Munderloh Tick Core Dir UM.jpg
Dr. Ulrike Munderloh
Tick Core Director

University of Minnesota

Munderloh is a Professor in the Department of Entomology at UMN. Her many seminal discoveries regarding the cellular and molecular interactions between ticks and their associated pathogens and her capacity to disseminate research tools such as tick cell lines and microbial isolates to other researchers in the field, she is directing the Tick Resources Core. She and her colleagues have established a large number of cell lines from ticks of medical and veterinary importance, including Ixodes scapularis that are widely used by laboratories across the globe. Her group has used these cell lines to isolate several species of human and animal obligate intracellular tick-borne pathogens and symbionts, including Anaplasma phagocytophilum and the Ixodes scapularis symbiont, Rickettsia buchneri, sequenced and annotated their genomes, and analyzed their transcriptome during tick cell infection. Additionally, her lab contributed 22 of 30 Rickettsiales species for sequencing in the “Rickettsiales Genomes” project, and supplied 10 of the 14 isolates deposited in BEI. She has published more than 100 research articles and has been continuously funded by the NIH since the late 1990s. Read more


Scientific Advisory Board

Our team is also served by a Scientific Advisory Board, comprised of senior researchers of international reputation relevant to the Research Projects. The Board is charged with regular meetings to discuss findings, strategic planning, and troubleshooting throughout the project.

Dr. Jorge L. Benach
Stony Brook University

Renaissance School of Medicine

Dr. Guy H. Palmer
Washington State University

School for Global Animal Health

Benach is the Distinguished Toll Professor of Molecular Genetics & Microbiology and Pathology in the Department of Molecular Genetics and Microbiology at Stony Brook University. His major research focus is on the pathogenesis of spirochetal infections and their host responses, particularly in the developmental bactericidal antibodies that work independently of the complement system. He is also interested in the interaction of spirochetal outer surface components with host proteases to enhance invasiveness, and to understand how this borrowed proteolytic activity enhances penetration of these organisms into the central nervous system. Read more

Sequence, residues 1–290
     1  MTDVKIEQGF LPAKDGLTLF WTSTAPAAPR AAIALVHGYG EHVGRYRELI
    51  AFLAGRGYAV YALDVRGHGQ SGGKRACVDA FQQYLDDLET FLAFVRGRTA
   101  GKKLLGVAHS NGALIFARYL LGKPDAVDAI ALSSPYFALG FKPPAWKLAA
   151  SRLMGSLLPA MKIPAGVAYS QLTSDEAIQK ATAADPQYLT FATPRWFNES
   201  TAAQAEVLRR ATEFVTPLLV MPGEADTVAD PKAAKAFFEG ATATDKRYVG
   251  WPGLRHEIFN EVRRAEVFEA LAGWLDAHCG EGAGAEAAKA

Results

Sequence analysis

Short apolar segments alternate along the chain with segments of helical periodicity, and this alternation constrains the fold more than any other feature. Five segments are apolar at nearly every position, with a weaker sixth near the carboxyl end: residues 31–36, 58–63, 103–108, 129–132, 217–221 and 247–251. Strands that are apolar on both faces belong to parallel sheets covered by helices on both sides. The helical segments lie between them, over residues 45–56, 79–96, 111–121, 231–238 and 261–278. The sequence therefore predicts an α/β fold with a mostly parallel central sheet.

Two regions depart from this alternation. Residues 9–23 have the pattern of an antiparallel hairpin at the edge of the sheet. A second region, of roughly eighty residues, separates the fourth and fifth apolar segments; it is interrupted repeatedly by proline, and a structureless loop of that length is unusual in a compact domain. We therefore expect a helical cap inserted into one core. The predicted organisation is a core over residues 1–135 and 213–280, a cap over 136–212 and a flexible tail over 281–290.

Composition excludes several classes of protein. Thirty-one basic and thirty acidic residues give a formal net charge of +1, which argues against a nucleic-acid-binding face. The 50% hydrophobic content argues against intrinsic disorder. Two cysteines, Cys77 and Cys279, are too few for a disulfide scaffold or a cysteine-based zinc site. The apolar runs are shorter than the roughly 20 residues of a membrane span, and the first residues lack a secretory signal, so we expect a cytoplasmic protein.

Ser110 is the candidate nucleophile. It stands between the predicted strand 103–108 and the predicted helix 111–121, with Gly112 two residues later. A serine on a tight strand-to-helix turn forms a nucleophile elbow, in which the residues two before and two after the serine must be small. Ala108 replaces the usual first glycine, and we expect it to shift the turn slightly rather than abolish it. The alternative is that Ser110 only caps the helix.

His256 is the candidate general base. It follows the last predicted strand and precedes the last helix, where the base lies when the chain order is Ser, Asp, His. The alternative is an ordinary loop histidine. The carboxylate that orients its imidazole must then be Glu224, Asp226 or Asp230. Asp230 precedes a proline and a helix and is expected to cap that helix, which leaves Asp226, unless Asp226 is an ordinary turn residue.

Palmer is the Regents Professor of Pathology and Infectious Diseases and the Jan and Jack Creighton Endowed Chair & Senior Director of Global Health at WSU. As the founding director of WSU’s Paul G. Allen School for Global Animal Health, he currently leads university-wide efforts as Senior Director of Global Health. He leads global health programs in Africa and Central America as well as directing the Robert R. Fast Infectious Diseases Research Laboratory. He also holds a joint appointment at the Nelson Mandela African Institution of Science and Technology and directs the Bill & Melinda Gates Foundation supported Integrated PhD Program between WSU and the Nelson Mandela African Institution of Science and Technology. Read more

Dr. Marcelo Jacobs-Lorena
Johns Hopkins University

Bloomberg School of Public Health

Jacobs-Lorena is a Professor in Johns Hopkins Bloomberg School of Public Health Department of Molecular Microbiology and Immunology with the Center for Global Health and the Malaria Research Institute. His main areas of research include genetic modification of mosquito vectorial capacity, mosquito-Plasmodium interactions, gene expression during Plasmodium development in the mosquito, and structure and function of the peritrophic matrix (PM). Read more

bottom of page